Posted by:

Ernie
30 Jan 2019

I took the quiz, and did fairly well, but I still have room to improve! I got 7 out of 8 samples correct, but that one I missed is the one that will get me ...


Posted by:

Stephe
30 Jan 2019

Feeling quite smug! I got 7/8 on the quiz — I identified the first genuine one — and my only mistake was being over-cautious with a real one that was asking for permissions that I wouldn't give a legit sender.

Thanks, you have trained me well Mr Rankin!


Posted by:

Mike
30 Jan 2019

Thanks for the link to the phishing quiz. As an IT guy, I'm always harping on people to be careful what they click on. By the way, for the person concerned about putting in your name and email, just use a fake one. They even say that in the instructions, which is further evidence that PEOPLE CAN'T READ!! lol
I took the quiz and was relieved that I got 8 out of 8. I shared it on my company facebook page and will also share it on my personal feed. Thanks again, Bob!


Posted by:

MartinW
30 Jan 2019

I got 8 of 8, using my "Bieber" name and 666 email. I'm so proud of myself! Now I wonder if I should have used my real name and email to write this comment.


Posted by:

Mark Hoffman
30 Jan 2019

At the end of the quiz, there is a link for info for better protection = g.co/2SV.
That looks like a phishing attempt, but I searched for it and it's a domain for Google.
I still haven't clicked on it.


Posted by:

Richard
30 Jan 2019

Schmarisieur! Fifty years ago my grandparents had a Teasmade that made not just one but at least two generous cups of tea. It even had built-in bedside lights. I don't think it had a cooled chamber for milk but I'm sure they had another solution for the few nights of the year warm enough for safe milk storage to be an issue.


Posted by:

5p3Ed
31 Jan 2019

No worries...

The shortened "g" link at the end (g.co/2SV) is from Google about making your email accounts more secure.

Actual URL:
https://myaccount.google.com/signinoptions/two-step-verification/enroll-welcome?pli=1t

Interesting test.


Posted by:

bob
31 Jan 2019

All of you who said I didn't read about using a fake name and email are correct. I saw the boxes to fill in and I stopped there because in real life I don't do that. I didn't bother reading further.
I just took the test, and did ok but not perfect so there's room for improvement.
As for using my real email address here, no problem. I trust this site.


Posted by:

Jeannie
31 Jan 2019

@JohnV I stopped using Amazon a few years ago for anything other than e-books because of repeated problems with receiving wrong items, broken items due to inadequate packaging, and problems with their idiot delivery "service" (what a bunch of idiots!).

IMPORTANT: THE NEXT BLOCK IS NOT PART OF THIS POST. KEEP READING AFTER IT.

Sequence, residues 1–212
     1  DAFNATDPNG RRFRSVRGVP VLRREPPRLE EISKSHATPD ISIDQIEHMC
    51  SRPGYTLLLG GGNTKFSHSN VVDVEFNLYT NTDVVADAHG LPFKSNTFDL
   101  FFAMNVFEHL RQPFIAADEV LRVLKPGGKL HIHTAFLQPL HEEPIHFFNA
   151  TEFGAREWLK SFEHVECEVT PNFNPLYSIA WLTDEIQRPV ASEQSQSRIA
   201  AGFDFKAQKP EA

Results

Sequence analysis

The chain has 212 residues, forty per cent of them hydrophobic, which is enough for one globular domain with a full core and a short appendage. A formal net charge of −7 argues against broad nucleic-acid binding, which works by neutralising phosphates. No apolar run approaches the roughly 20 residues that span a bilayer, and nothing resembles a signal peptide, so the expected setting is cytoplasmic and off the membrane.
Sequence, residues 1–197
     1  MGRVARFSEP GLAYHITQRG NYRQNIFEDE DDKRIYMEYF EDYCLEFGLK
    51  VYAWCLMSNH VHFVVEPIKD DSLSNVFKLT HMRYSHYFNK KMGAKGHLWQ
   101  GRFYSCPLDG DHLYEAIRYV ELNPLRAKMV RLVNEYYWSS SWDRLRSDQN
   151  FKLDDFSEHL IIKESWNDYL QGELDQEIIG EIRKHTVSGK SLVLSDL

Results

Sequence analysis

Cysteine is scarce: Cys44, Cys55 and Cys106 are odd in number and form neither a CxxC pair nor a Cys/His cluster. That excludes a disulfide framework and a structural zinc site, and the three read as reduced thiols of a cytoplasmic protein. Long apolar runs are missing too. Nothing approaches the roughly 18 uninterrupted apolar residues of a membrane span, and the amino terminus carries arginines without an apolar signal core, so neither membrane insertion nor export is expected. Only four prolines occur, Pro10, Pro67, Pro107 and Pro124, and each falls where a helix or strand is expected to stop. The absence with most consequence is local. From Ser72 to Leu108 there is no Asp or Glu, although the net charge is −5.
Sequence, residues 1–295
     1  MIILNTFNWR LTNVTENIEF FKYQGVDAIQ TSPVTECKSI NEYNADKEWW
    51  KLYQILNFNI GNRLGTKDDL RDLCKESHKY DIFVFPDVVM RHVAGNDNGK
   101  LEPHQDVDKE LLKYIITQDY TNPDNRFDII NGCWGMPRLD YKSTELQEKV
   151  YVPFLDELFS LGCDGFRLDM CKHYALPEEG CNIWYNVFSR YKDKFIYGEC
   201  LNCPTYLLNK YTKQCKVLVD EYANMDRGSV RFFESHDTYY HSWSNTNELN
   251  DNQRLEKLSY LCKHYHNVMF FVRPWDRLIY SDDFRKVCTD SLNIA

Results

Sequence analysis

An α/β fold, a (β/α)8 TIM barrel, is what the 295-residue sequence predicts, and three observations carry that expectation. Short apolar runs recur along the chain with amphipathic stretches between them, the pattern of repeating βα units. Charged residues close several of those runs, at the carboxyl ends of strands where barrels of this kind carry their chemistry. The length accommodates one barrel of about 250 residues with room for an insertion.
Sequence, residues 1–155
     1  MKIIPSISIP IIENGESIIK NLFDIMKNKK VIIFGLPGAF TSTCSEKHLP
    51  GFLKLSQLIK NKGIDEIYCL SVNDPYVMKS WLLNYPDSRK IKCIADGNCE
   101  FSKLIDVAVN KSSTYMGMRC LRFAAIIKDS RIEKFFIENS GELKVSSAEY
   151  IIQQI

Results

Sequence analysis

Also, in my experience, Amazon was not the low price leader much of the time. Most of the time, I was able to find the same items they had at other vendors (it just took a little searching) for the same price or less and usually got far better service.

I prefer buying locally whenever I can because I can make sure I'm getting the correct item plus I get it right then, not a few days later. Also, returns are much easier and faster with local retailers. I'm a handicapped senior and I still find shopping locally (when I can) far more convenient than shopping online.

Amazon has become far too intrusive in our lives. I got a kick out of how hard it was for the author on the linked article had severing ties with Amazon. Talk about "owing your soul to the company store". While I have not completely severed ties with Amazon (although I easily could if I wanted to since I haven't become dependent on most of its "features"), it has little to no influence on my life.

I'm not buying nearly as much from FleaBay, either, because many of their vendors are misbegotten Amazon Fulfilled vendors advertising there (they should be shot for not disclosing they that they are Amazon Fulfilled vendors) or are unauthorized Chinese arbitrageurs.


Posted by:

Noe
31 Jan 2019

I did 7 out of 8. Pretty good, but since I am vigilant, was surprised. Maybe my brain is frozen from the minus 18 F temperature here in Chicago!


Posted by:

SamG
04 Feb 2019

Like Jeannie; Amazon, Ebay or Wallyworld are not low priced leaders. And since the USPS and UPS increased shipping rates, packaging has become atrocious. As a former occasional seller on A, they increased their fee or refuse to sell more types of legal merchandise, Bye!
Wallyworld's claim of 2 day delivery and their arrival notifications are a joke here. No time for their BS. Ebay- so many sellers are disguised and using cheap packaging.
All this gives smaller retailers a better chance at succeeding if they practice good selling procedures and are loyal to their customers.
Also i've never had serious problems with Craigslist. Maybe just lucky?